That kind of human-centered approach is emphasized in design projects and in two interdisciplinary undergraduate design courses that Rollins teaches with Janet McGrath, PhD, a professor of anthropology and member of the center's faculty steering committee.

Their "Global Health Design in Uganda" course—which could become a prototype for center-inspired academic initiatives—is focused on travel during spring break to Uganda, where the university already has a decades-old partnership, the Uganda-CWRU Research Collaboration.

It was because of the university's ongoing work in Uganda that McGrath—a longtime member of the collaboration—asked Rollins to take on more humanitarian design projects there, working with faculty and students from Makerere University in Kampala.

Team members from the two universities identified several projects now underway with help from the center.

One group is working to develop a method for safely disposing of self-injected birth control devices. Katie Steinberg, a fourth-year chemical engineering major, was so inspired by her trip to Uganda last year that she is researching disposal options for her senior project. "I realized how human-centric engineering can be and how engineers can change the world," she said.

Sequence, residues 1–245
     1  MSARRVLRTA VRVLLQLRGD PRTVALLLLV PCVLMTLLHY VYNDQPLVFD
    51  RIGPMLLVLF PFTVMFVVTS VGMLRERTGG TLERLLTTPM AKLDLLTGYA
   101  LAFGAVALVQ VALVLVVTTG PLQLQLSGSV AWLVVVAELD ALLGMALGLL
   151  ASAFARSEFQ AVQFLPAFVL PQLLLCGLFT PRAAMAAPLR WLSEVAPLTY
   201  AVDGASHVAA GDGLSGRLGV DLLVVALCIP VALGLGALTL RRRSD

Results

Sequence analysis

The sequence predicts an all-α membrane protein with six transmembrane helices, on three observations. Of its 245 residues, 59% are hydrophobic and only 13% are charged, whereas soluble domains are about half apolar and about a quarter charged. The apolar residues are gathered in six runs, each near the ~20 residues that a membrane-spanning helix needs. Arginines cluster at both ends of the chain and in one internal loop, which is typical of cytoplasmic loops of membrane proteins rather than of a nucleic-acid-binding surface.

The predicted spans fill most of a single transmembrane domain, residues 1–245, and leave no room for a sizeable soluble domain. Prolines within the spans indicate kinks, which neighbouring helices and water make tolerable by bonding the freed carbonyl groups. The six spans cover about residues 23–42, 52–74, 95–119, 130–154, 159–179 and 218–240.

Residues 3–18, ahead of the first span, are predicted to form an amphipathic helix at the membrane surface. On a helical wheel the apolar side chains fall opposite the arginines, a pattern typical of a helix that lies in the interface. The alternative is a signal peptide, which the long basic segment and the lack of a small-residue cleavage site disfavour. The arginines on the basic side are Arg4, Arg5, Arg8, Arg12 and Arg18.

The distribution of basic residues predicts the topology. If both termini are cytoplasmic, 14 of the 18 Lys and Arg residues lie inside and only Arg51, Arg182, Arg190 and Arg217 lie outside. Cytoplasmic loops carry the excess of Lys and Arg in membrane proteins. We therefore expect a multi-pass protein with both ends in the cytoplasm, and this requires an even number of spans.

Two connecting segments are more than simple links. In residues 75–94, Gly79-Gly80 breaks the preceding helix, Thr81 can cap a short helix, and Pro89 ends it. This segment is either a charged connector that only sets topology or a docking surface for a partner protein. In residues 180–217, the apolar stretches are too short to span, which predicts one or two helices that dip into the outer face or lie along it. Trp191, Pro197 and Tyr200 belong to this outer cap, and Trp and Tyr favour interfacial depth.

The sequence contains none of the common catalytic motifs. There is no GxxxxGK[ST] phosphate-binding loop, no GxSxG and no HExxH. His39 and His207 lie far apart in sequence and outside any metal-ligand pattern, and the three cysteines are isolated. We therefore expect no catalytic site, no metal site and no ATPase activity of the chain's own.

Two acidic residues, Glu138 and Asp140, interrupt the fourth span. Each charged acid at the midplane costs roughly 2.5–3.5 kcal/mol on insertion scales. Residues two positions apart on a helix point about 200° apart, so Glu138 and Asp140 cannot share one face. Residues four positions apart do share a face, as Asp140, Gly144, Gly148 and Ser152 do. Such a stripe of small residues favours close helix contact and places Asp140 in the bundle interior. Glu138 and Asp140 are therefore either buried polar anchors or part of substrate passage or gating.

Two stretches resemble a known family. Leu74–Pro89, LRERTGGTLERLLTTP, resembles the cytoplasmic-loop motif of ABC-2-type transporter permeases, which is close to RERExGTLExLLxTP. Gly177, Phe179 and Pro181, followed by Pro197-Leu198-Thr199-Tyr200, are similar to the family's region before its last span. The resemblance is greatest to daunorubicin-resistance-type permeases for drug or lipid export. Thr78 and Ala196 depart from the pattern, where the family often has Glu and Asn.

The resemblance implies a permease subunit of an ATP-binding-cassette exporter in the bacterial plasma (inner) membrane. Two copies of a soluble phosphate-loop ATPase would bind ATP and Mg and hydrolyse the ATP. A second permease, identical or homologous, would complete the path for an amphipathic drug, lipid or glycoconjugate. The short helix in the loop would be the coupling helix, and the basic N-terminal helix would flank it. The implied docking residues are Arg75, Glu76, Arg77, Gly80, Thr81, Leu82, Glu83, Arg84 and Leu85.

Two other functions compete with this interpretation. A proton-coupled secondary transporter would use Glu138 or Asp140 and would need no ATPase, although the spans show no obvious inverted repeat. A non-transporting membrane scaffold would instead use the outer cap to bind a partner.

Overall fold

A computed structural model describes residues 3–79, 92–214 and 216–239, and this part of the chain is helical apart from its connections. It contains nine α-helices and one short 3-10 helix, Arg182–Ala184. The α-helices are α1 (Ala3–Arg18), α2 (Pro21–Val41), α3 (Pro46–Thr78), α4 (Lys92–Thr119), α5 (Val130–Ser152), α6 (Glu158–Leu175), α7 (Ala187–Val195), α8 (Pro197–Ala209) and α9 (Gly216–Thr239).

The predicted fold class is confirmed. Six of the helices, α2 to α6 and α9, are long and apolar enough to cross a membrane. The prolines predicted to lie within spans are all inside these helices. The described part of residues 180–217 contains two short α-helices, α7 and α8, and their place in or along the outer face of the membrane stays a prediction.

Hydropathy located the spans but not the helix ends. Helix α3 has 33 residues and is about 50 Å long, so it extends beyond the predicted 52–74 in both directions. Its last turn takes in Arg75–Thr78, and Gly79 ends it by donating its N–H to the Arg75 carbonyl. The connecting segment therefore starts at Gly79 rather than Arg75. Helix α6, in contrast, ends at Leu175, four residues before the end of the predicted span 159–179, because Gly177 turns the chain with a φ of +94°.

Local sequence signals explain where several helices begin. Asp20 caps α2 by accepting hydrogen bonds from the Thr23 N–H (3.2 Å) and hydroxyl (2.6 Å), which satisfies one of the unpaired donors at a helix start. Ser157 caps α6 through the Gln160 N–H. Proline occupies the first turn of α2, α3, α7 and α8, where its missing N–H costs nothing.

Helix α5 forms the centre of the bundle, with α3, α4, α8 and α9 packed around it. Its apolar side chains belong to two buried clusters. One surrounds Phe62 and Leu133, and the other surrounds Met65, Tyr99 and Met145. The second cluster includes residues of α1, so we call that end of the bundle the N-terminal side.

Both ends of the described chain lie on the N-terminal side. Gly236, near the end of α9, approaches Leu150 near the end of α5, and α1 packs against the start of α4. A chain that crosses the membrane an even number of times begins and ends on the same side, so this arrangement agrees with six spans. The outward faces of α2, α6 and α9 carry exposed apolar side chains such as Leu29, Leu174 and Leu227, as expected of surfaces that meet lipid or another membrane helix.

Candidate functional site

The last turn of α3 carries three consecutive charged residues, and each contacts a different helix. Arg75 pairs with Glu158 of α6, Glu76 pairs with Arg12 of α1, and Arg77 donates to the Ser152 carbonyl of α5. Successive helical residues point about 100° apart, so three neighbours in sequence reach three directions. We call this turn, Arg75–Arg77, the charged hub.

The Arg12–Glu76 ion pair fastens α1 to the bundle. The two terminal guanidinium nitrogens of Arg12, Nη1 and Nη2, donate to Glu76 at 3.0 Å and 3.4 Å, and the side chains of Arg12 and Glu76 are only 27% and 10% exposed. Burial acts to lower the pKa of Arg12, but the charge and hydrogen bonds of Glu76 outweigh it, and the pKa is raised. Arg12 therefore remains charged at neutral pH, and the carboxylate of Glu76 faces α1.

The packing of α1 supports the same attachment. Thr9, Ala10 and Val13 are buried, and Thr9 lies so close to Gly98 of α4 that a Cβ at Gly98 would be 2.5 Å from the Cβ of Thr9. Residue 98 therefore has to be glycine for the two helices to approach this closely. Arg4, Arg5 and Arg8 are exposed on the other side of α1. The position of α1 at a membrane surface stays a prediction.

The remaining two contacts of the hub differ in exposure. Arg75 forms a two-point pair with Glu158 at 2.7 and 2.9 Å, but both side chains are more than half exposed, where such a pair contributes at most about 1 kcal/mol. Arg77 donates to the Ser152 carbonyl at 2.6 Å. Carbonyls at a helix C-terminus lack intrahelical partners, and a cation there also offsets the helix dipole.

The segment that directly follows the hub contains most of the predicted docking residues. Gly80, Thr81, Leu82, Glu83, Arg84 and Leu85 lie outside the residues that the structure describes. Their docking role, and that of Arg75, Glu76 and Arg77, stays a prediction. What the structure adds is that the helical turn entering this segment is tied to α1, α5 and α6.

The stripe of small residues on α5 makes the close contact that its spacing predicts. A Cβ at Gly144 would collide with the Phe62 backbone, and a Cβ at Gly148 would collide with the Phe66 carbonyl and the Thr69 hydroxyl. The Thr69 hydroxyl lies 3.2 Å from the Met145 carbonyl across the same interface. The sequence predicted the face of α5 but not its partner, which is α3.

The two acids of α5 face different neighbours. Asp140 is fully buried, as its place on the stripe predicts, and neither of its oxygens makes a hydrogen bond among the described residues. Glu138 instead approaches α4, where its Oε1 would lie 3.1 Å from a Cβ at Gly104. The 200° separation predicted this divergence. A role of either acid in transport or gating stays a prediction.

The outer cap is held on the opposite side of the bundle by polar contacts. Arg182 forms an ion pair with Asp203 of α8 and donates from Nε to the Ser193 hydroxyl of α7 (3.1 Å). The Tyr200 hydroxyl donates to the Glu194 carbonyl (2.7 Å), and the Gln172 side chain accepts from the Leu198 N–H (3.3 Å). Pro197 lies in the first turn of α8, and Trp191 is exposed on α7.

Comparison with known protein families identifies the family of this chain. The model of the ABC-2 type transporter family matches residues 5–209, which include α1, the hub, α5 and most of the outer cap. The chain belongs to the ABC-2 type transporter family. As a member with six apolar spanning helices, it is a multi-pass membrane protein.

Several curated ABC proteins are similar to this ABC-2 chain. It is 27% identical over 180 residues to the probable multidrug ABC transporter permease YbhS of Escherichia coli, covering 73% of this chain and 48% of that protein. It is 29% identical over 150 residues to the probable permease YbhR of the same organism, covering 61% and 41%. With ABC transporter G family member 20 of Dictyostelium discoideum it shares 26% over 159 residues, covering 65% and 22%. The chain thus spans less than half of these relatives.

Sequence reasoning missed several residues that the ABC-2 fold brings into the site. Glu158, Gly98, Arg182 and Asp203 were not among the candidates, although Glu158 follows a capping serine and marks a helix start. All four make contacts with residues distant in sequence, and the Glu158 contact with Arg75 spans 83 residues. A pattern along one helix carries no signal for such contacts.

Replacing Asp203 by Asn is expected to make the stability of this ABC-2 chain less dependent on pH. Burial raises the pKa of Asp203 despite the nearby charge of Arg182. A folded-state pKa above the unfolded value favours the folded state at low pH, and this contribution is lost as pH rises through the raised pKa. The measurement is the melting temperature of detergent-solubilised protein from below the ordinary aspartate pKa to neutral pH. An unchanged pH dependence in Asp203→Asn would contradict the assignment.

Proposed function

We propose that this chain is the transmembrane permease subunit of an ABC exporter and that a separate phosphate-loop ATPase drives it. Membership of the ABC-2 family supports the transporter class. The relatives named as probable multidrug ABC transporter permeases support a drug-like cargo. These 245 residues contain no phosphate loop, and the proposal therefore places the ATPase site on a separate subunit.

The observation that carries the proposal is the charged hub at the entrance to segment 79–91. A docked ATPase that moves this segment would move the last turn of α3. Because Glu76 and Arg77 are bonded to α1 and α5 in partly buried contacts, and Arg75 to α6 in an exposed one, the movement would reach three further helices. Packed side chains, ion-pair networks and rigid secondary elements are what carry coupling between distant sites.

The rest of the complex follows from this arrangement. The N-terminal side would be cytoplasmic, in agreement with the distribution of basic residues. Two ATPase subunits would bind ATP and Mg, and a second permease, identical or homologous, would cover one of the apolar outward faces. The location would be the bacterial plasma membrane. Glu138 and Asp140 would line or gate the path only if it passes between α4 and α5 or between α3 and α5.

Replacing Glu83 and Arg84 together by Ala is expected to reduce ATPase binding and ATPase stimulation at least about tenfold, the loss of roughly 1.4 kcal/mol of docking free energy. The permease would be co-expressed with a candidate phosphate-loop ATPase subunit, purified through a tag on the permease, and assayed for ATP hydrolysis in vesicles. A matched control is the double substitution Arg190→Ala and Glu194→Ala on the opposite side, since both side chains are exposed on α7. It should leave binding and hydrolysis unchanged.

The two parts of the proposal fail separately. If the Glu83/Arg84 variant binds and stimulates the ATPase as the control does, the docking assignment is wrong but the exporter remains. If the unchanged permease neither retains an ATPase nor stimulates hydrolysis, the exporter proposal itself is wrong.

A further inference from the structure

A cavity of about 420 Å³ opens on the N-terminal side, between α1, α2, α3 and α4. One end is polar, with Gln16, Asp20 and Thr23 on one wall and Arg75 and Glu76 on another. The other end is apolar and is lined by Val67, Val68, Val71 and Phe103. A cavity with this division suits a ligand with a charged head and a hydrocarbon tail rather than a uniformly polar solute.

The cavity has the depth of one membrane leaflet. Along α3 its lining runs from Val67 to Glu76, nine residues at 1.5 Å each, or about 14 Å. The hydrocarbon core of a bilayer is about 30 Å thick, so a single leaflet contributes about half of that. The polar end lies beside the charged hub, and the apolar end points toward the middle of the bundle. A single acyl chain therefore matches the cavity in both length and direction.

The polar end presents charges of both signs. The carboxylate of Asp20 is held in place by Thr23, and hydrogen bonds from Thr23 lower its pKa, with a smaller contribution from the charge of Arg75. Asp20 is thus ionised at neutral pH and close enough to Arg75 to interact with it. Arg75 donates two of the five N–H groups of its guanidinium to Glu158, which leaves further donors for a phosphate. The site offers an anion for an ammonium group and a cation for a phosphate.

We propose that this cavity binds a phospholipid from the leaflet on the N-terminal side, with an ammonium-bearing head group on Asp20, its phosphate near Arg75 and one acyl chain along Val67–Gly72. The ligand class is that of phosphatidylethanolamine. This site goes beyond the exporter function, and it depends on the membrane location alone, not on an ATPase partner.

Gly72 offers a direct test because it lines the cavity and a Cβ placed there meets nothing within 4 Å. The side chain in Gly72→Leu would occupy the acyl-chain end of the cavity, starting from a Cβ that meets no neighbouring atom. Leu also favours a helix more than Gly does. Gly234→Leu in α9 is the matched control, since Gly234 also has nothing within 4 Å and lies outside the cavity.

Another group is designing carriers for health care workers who transport vaccines and related equipment to remote areas. The current ones are cumbersome and ill-equipped for the job, so students at CWRU and Makerere are using Skype to collaborate on a custom-designed backpack.

Health care workers at Luwero Health Centre IV in Uganda's Luwero District tested vaccine-carrying backpacks that Case Western Reserve students designed in collaboration with students at Makerere University in Kampala. Photo Courtesy of Brenda Teddy Nakandi.
They've incorporated feedback from users who suggested, for example, that the backpacks include a pullout compartment to easily remove the vaccines, that they be sewn with more durable thread and use blue fabric instead of beige. "They want it to look more professional; the beige looked too much like a paper bag," said Jarrod Sinibaldi, a third-year mechanical engineering major at CWRU.

Students in both countries worked on prototypes, with the Cleveland group using a sewing machine at the Larry Sears and Sally Zlotnick Sears think[box], the campus innovation center, and the Kampala team working with local tailors.